How we treat lower risk myelodysplastic syndromes. | Aplastic Anemia & MDS International Foundation Return to top.

How we treat lower risk myelodysplastic syndromes.

Journal Title: 
Primary Author: 
Fenaux P
Fenaux P, Adès L.
Original Publication Date: 
Wednesday, April 10, 2013

Lower risk MDS are defined as having low or intermediate 1 risk by the IPSS, and are mainly characterized by anemia in most cases. Supportive care, mainly red blood cell transfusions, remains an important component of their treatment, but expose patients to insufficient correction of anemia , alloimmunization, and organ iron overload (for which the role of iron chelation remains debated). Treatment aimed at preventing anemia recurrence should therefore be used whenever possible. ESAs remain the first line treatment of anemia in most lower risk MDS without del(5q), while anemia of low risk MDS with del 5q responds to Lenalidomide in two thirds of the cases, but this drug should be used cautiously because profound cytopenias may occur initially. Treatment after failure of those first line therapies are overall disappointing, many patients eventually requiring long-term transfusions, but encouraging results have been reported with hypomethylating agents and lenalidomide. Selected patients respond to antithymocyte globulins, while thrombopoeitin receptor agonists are under investigation in lower risk MDS with thrombocytopenia. Some patients, while remaining "lower risk" MDS, have severe cytopenias and/or poor prognostic factors using newer prognostic parameters, and/or resistance to treatment, making them rapidly candidates for more intensive approaches, including allogeneic stem cell transplantation (SCT).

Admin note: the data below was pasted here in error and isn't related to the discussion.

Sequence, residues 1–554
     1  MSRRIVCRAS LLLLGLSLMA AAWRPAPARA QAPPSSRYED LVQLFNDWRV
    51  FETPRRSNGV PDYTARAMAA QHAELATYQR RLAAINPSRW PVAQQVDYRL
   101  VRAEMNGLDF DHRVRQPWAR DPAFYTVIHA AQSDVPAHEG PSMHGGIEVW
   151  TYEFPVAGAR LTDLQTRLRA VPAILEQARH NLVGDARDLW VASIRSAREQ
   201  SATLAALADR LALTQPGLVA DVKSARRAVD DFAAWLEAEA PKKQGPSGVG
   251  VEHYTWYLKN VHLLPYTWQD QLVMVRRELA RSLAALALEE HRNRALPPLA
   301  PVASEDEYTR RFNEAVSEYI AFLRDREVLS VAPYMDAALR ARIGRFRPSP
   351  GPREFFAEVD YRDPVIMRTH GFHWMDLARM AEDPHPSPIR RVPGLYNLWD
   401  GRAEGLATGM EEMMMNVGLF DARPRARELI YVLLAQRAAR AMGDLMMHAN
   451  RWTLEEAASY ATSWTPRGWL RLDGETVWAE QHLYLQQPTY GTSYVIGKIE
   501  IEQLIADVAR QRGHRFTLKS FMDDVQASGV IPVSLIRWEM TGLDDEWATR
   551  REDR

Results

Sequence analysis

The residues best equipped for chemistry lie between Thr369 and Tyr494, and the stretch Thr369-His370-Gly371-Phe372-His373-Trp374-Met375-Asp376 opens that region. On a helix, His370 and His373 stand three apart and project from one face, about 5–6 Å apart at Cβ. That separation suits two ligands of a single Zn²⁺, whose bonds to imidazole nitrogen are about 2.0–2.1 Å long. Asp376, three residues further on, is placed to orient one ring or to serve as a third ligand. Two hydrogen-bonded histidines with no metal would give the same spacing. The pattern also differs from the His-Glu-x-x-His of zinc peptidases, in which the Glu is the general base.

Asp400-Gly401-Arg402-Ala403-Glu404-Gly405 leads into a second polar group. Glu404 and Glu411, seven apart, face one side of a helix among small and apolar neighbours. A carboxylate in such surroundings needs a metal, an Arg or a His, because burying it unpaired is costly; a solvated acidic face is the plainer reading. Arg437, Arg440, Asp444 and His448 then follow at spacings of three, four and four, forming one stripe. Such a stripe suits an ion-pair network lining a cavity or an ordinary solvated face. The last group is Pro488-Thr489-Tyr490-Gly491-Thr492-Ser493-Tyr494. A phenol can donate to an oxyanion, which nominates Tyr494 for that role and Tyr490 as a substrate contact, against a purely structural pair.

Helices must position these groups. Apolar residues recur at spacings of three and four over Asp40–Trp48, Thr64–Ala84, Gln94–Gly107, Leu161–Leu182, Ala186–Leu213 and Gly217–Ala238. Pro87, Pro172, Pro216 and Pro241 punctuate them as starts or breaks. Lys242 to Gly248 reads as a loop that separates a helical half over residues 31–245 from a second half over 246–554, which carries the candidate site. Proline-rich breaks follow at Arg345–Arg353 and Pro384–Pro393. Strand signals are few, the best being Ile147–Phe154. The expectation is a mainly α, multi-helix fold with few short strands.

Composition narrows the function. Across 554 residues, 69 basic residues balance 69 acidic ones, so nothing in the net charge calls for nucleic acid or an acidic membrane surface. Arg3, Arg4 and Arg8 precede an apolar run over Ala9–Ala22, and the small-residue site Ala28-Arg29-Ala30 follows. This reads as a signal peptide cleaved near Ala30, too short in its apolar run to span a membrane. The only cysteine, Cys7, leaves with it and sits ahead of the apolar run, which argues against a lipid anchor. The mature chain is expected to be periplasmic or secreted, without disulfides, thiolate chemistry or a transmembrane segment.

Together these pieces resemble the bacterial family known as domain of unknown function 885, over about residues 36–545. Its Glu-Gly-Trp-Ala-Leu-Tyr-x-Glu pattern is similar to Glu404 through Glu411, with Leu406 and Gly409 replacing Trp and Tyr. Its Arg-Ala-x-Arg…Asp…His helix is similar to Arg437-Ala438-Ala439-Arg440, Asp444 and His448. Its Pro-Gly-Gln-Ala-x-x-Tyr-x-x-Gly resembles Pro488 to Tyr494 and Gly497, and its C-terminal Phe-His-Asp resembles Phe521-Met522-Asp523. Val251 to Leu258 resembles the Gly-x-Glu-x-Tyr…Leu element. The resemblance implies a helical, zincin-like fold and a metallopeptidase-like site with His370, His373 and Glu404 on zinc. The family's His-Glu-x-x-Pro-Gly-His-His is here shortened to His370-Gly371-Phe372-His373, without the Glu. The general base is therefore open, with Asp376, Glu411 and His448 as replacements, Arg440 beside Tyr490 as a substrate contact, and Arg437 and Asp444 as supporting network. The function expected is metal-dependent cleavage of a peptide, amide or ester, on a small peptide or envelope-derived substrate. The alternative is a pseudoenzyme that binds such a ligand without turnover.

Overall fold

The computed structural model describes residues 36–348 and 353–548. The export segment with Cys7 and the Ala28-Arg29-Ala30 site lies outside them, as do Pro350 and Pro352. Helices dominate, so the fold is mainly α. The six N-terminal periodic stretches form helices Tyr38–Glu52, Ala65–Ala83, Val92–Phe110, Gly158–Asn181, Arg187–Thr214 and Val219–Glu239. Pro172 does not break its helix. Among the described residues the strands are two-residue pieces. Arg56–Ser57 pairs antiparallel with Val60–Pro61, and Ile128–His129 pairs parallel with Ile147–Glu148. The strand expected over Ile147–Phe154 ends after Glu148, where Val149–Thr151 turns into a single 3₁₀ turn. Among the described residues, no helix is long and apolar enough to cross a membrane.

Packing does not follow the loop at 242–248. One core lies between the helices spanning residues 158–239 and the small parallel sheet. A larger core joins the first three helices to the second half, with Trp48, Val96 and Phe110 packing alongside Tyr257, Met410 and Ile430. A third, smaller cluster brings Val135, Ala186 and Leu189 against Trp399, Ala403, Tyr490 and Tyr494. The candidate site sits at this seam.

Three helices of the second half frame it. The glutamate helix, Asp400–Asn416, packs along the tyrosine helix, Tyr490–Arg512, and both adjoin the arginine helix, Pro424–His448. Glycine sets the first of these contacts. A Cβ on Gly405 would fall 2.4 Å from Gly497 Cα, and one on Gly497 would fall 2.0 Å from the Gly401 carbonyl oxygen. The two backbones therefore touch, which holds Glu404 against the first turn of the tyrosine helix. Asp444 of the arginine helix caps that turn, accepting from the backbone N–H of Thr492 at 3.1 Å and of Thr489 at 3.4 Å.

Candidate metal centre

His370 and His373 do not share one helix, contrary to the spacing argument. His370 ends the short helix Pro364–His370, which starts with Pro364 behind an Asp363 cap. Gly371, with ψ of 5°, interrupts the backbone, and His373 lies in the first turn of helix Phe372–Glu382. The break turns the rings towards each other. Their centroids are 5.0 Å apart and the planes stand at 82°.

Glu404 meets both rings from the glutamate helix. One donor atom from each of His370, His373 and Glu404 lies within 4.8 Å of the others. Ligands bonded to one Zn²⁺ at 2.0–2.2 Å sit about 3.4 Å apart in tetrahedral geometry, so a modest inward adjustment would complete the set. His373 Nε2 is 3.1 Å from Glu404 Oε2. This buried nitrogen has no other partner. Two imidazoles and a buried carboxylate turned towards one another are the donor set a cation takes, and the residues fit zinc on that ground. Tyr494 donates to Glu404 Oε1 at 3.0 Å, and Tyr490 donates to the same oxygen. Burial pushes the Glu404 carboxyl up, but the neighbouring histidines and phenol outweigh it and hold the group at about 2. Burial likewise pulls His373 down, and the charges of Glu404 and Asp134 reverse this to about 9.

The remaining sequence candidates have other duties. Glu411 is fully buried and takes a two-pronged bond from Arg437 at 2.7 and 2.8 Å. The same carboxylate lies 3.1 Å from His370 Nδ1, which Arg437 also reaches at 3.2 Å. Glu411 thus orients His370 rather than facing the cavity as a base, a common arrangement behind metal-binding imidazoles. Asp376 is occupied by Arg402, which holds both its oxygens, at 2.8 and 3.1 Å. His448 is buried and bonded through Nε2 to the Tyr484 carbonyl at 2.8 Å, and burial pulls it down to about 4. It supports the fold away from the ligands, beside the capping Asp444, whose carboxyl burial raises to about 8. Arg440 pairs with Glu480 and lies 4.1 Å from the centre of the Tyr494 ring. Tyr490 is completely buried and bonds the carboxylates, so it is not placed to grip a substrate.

Bone Marrow Disease(s): 
  • myelodysplastic syndromes (MDS)
Share with